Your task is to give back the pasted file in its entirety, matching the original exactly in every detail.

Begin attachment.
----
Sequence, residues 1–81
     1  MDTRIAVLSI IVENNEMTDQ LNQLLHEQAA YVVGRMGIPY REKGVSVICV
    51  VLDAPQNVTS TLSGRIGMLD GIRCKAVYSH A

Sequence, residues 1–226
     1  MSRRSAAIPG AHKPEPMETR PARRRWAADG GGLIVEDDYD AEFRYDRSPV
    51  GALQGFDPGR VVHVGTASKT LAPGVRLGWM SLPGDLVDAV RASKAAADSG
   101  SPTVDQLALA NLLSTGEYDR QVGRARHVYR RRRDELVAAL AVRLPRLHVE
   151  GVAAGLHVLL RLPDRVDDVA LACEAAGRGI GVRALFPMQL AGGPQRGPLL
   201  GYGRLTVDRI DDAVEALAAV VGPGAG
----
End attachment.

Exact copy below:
Sequence, residues 1–81
     1  MDTRIAVLSI IVENNEMTDQ LNQLLHEQAA YVVGRMGIPY REKGVSVICV
    51  VLDAPQNVTS TLSGRIGMLD GIRCKAVYSH A

Sequence, residues 1–226
     1  MSRRSAAIPG AHKPEPMETR PARRRWAADG GGLIVEDDYD AEFRYDRSPV
    51  GALQGFDPGR VVHVGTASKT LAPGVRLGWM SLPGDLVDAV RASKAAADSG
   101  SPTVDQLALA NLLSTGEYDR QVGRARHVYR RRRDELVAAL AVRLPRLHVE
   151  GVAAGLHVLL RLPDRVDDVA LACEAAGRGI GVRALFPMQL AGGPQRGPLL
   201  GYGRLTVDRI DDAVEALAAV VGPGAG